Resources on Family planning

Each year, 183,000 women die in Sub-Saharan Africa from pregnancy-related causes, and 1.2 million newborns die in the first month of life. Most of these deaths could be prevented with adequate medical care.

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In Latin America and the Caribbean, 62 per cent of women aged 15-49 want to avoid a pregnancy. However, 22 per cent of these women—23 million in 2014—are not using an effective contraceptive method.

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An estimated 290,000 women die each year in developing countries from pregnancy-related causes, and 2.9 million newborns die in the first month of life. Nearly all of these deaths could be prevented with adequate medical care.

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In Asia, more than half of all women of reproductive age want to avoid a pregnancy. However, 22% of these women—141 million in 2014—are either using no method or using a less effective, traditional method.

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Consistent and correct use of condoms is vital to achieve the level of protection required to prevent unintended pregnancy and the transmission of HIV and other STIs.

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The 2011 Worlds Aids Day Report published by the Joint United Nations Programme on HIV/AIDS (UNAIDS) and World Health Organization (WHO) states that the number of people living with HIV was estimated at 34 million people at the end of 2010, up 17% from 2001.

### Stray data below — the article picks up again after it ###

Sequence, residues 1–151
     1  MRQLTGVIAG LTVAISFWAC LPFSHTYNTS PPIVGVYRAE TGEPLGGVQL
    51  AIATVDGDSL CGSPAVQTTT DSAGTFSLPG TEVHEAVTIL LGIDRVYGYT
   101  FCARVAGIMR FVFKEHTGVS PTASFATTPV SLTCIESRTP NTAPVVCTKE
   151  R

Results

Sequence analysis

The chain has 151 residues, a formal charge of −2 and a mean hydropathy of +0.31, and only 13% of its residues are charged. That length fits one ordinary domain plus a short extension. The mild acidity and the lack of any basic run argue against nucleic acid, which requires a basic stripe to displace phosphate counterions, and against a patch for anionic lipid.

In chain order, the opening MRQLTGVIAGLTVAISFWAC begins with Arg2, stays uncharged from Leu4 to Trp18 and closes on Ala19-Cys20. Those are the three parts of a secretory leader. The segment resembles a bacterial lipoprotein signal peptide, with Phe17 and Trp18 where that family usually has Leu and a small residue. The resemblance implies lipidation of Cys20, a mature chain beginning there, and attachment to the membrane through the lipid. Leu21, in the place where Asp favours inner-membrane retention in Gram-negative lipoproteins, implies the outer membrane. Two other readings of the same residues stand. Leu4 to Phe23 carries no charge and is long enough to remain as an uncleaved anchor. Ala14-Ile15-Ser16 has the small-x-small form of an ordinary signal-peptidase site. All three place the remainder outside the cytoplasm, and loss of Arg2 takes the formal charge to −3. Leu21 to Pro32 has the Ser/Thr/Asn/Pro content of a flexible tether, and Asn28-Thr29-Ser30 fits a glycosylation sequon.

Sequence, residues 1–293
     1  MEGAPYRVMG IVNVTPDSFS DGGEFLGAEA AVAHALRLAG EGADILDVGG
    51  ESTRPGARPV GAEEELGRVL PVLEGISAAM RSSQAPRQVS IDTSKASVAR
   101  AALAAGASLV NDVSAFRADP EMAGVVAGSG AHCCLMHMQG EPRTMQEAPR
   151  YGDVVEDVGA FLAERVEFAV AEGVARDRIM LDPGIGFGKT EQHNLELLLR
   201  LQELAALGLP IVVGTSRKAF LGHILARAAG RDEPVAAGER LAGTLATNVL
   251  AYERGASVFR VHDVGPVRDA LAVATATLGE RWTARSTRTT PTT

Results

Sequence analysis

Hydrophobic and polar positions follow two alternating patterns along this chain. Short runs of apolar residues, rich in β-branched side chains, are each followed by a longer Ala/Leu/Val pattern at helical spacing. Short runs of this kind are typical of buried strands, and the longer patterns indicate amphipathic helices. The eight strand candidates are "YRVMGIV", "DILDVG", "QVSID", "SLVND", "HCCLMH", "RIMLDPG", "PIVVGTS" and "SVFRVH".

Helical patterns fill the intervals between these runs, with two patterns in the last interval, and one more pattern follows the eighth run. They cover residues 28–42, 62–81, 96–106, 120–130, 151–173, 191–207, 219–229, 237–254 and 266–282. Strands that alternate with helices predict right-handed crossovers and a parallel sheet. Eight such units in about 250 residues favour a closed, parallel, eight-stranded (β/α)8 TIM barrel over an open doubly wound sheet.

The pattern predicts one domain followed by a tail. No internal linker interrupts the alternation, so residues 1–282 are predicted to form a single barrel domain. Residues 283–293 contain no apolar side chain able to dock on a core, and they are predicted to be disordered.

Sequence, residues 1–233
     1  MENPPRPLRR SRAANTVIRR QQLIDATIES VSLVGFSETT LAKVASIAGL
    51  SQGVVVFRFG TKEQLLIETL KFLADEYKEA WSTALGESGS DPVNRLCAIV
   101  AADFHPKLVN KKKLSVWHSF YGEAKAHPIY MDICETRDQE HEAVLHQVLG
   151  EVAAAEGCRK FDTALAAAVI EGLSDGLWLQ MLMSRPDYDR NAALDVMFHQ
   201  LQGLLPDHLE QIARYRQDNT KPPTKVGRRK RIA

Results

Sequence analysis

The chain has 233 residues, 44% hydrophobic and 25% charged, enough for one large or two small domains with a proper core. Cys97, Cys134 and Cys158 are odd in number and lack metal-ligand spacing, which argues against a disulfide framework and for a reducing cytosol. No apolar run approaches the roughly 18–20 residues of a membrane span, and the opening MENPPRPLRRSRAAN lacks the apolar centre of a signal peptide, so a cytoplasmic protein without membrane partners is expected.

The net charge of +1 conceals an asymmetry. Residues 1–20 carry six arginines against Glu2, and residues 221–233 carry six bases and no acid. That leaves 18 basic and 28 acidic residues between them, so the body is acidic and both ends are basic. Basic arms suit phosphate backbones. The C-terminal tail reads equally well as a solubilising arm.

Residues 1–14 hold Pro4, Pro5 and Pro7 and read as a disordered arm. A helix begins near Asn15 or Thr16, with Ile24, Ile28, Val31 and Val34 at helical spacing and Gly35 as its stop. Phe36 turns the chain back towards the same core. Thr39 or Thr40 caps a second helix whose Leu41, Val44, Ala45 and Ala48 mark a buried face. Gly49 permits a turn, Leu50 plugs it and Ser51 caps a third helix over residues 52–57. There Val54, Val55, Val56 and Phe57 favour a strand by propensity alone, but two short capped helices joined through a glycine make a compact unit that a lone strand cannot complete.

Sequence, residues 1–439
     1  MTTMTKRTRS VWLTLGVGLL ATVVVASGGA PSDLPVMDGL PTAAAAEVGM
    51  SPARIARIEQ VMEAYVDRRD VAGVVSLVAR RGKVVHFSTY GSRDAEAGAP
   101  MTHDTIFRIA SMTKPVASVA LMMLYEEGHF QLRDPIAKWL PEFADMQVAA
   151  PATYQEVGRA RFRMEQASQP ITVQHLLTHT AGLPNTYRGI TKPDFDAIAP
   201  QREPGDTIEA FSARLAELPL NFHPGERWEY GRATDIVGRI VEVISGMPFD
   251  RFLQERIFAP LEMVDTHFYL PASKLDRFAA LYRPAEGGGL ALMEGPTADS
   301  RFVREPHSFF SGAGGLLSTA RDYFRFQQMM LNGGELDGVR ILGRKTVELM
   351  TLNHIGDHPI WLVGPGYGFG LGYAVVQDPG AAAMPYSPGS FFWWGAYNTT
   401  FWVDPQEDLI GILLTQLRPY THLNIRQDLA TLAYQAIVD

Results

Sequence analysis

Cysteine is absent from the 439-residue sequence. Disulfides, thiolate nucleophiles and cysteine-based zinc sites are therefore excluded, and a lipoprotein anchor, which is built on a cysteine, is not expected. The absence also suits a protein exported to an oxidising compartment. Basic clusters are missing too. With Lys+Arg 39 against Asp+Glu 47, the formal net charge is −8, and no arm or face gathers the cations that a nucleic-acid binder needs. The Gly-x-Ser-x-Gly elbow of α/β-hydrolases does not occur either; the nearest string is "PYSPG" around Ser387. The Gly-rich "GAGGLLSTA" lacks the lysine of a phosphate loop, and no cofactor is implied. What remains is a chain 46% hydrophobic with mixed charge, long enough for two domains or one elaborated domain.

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This brochure outlines UNFPA's Global Programme on Reproductive Health Commodity Security.

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In the developing world, particularly in Sub-Saharan Africa and South Asia, progress in reducing maternal and newborn deaths has been slow.

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According to the World Health Organization, there are 500 million new sexually transmitted infection cases each year, of which 93 million are in Africa. Investments in women’s health during their childbearing years not only save women’s lives, but also produce ripple effects that benefit families, communities and nations.

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